Something that took me completely surprise at the Rokeby School was the complete lack of privacy with students’ grades. The first class I observed had a teacher place a breakdown of every student’s grade and where they stand in the class directly on the board. My first thought would be that some students may be embarrassed by seeing their low grades next to other students who were excelling, but actually these struggling students were turning to their classmates asking for help. A grading curve does not exist in English classrooms so the only incentive the students had to perform well on their exams was purely personal and by helping a struggling student, students who are excelling did not have to worry about where they stood on the curve. Without a curve, the atmosphere of the English classroom is not as cutthroat as some American classrooms can be. Grades are so public that the grade the student is expected to get, which is assigned by the teachers, are displayed on each student’s notebooks.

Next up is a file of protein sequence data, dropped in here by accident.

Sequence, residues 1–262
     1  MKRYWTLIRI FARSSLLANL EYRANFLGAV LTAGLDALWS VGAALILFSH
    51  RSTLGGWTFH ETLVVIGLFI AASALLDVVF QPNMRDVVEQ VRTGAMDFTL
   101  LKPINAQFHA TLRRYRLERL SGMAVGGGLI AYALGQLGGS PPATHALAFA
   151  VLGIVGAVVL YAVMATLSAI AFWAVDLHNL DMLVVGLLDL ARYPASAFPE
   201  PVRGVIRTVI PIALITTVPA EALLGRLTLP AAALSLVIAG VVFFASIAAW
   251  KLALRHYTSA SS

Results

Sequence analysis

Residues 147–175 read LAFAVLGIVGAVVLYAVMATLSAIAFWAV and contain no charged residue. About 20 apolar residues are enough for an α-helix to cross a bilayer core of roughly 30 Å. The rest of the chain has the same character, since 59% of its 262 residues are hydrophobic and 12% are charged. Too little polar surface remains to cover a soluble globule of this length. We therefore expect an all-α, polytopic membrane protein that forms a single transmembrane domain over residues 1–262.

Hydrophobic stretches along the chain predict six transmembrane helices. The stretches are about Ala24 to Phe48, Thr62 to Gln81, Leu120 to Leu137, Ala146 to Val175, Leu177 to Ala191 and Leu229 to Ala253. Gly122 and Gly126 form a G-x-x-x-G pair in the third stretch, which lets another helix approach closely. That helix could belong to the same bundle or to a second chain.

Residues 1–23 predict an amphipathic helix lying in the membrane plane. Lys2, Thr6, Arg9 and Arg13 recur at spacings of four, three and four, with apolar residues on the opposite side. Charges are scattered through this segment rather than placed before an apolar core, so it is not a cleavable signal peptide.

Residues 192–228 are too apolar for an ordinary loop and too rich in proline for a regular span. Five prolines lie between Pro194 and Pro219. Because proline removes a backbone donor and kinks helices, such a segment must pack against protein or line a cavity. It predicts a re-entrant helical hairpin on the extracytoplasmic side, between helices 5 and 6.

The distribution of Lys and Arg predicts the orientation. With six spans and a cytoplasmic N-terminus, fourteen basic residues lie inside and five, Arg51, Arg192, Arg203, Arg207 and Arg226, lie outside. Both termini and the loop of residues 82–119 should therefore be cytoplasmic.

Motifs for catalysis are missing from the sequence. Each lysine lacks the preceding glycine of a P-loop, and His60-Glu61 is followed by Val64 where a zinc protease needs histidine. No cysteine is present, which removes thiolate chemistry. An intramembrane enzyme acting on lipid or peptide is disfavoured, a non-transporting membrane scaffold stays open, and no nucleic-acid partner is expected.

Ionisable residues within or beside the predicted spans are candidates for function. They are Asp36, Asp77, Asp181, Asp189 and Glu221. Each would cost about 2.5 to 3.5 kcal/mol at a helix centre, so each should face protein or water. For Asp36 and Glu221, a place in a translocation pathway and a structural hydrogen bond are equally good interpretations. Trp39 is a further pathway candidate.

This expected grade also splits the class into different levels. During classwork, students have the choice to tackle different tasks but are strongly recommended to work on the task that is on their level or one level higher. The levels used in instruction at the Rokeby School are incredibly similar to the idea of scaffolding. Having observed two teachers’ meetings in the humanities department, incorporating levelling in each teacher’s instruction was of utmost importance, as it works hand in hand with each student’s assigned grade.